"There's more than one shark expert shaking their head right now."
The New York Times is a daily broadsheet that recently blamed a French school teacher for his own beheading.
It could hardly be accused of being anything but on the liberal side of the ledger.
So it comes as a surprise, pleasant or otherwise depending on your bias, that the paper has dived into Australia’s Great White Shark Crisis, something so far untouched by the Australian press.
Under the headline, “Death by Shark Is at a High in Australia. What’s Going On?“ we read,
What’s behind the increase in deaths? The question is vexing many in Australia, where public pressure is rising for authorities to take tougher measures to protect the country’s picturesque coasts this summer as people emerge from coronavirus lockdowns and eagerly head to the beach.
Scientists find the high numbers shocking, and they wonder what forces may be at play.
“There’s more than one shark expert who’s shaking their head right now, thinking, ‘What on earth is going on?’” said Culum Brown, a professor of marine biology at Macquarie University in Sydney who studies shark behavior. “Eight is certainly off the scale, and we haven’t even finished the year yet,” he added.
Maybe ’cause Whites have been protected since 1999?
Six years ago, I called a South Australian shark fisherman for his opinion on the then surge in Great White attacks.
Turned out he didn’t just have a theory on the dramatic increase in Great Whites in Western Australia, he was positive it was due to the AFMA (the Australian Fisheries Management Authority) shutting down vast areas of fishing areas to gill nets because of the by-catch of Australian fur seals and Great Whites.
What fisheries didn’t know was that skippers were under-calling the number of Whites coming up in the nets; the skippers afraid they’d be shut down if fisheries knew just how many Whites were destroyed as by-catch.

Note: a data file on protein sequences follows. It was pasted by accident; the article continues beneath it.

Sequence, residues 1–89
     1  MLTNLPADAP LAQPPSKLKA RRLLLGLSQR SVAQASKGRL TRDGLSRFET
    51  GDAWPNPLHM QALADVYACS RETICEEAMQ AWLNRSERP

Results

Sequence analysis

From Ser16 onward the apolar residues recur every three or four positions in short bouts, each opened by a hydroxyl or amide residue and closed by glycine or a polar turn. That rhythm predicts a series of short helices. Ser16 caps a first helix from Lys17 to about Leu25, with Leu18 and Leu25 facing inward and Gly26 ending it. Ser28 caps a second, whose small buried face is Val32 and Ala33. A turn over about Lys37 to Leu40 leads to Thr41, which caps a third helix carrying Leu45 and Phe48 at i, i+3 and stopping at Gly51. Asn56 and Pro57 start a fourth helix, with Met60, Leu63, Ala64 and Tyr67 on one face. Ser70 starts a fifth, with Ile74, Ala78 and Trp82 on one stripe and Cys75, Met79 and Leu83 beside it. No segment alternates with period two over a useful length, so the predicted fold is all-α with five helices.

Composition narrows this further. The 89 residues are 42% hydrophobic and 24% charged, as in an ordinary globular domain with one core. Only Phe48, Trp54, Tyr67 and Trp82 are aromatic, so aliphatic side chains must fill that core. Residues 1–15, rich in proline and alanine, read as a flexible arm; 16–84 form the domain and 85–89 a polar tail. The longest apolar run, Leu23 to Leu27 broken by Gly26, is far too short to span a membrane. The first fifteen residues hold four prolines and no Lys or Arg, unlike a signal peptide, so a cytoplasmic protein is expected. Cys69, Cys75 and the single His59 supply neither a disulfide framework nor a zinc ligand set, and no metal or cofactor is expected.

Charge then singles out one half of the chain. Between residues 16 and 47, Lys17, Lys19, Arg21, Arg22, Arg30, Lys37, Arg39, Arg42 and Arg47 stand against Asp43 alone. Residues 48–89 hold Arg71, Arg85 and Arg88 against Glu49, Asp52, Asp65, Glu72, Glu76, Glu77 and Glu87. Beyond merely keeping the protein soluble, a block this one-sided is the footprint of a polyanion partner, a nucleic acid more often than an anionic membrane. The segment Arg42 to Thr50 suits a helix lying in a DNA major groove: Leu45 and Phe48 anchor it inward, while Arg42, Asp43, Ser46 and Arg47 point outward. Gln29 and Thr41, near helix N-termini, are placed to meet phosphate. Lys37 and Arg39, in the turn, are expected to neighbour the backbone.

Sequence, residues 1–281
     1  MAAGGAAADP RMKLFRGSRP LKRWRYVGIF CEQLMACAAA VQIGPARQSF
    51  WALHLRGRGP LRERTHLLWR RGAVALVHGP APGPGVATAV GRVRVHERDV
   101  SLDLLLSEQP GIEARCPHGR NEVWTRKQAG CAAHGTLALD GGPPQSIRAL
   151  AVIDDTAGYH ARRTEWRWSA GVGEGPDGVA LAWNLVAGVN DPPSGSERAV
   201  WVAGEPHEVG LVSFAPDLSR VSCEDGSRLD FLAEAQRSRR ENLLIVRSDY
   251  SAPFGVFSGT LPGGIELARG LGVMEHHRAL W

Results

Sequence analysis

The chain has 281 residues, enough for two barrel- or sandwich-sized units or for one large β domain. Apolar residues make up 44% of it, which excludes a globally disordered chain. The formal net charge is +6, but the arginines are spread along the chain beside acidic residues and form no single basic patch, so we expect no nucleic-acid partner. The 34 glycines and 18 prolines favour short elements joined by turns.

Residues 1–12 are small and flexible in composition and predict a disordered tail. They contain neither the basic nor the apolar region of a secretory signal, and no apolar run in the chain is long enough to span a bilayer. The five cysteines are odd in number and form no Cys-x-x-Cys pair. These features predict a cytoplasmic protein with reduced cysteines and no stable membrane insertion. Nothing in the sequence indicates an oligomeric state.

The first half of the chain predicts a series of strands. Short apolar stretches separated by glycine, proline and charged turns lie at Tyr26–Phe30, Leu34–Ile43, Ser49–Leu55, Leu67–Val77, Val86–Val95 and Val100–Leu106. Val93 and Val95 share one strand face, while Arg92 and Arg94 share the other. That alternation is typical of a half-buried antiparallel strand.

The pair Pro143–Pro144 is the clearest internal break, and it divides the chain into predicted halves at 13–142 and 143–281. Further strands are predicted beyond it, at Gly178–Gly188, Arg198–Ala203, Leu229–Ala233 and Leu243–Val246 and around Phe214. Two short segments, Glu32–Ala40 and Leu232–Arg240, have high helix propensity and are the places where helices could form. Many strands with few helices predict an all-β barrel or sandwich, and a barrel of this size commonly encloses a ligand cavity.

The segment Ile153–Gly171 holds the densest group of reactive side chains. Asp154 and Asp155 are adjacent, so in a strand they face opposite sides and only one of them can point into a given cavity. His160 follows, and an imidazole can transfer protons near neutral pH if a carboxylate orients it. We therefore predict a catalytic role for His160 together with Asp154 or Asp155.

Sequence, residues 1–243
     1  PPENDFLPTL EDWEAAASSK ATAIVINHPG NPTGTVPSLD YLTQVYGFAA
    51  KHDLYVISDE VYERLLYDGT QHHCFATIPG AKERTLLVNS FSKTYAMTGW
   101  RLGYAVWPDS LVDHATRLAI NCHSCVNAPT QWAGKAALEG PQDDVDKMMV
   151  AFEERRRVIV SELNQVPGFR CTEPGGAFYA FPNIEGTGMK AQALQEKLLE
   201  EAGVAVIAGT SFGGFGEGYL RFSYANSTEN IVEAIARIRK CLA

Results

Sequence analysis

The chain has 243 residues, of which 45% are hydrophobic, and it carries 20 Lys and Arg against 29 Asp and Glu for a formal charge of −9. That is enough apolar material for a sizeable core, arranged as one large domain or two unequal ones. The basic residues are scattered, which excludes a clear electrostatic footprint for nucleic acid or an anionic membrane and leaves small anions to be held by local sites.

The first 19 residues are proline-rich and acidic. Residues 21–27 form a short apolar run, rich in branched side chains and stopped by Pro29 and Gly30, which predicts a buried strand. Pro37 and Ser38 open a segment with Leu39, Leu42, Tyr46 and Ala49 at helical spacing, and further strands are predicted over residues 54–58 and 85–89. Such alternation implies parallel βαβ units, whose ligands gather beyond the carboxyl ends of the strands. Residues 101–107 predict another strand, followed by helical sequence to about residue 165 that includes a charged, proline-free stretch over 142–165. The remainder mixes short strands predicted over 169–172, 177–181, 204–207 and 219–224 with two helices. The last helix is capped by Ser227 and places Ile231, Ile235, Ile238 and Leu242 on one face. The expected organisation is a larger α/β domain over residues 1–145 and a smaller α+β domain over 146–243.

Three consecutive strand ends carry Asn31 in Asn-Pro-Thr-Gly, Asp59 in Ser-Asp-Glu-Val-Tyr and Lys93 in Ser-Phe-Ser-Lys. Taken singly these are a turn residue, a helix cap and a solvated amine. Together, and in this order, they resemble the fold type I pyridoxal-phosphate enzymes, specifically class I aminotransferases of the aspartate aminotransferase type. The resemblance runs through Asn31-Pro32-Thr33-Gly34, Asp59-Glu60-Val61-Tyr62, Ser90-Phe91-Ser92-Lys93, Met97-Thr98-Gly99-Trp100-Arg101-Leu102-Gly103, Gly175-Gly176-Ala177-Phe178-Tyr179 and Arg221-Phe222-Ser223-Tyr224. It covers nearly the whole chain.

In the end, they were closed, anyway.
The irony was, he said, if fisheries knew just how many Whites were coming up, perhaps the White wouldn’t have been regarded as a threatened and endangered species.
“Think about this,” he said. “Ten years ago, there were nine or 10 boats operating and killing 200-to-300 Pointers a year. We were allowed to have an incidental catch of Pointers. They’d get tangled in the nets and come up dead. Now, say, if we work with a conservative kill figure of 200, and 50 of these Whites are mature, and of those 50, 25 are female, they are going to have one baby every two years. So, instead of the population growing like it was, or sustaining at a certain level, it’s blowing out. It’s growing faster and faster. The number of Pointers is increasing dramatically.”
As we spoke, he texted me a clip of a five-metre White attacking his boat, taken the day before on his iPhone. “This thing was breaking its teeth off on the boat,” he says.
“It’s only a matter of time before attacks surge again,” he told me. “That’s if people stay in the water. If they don’t, problem solved.”
The NYT, meanwhile, goes around in circles for a while before concluding,
“It’s probably just really bad luck.”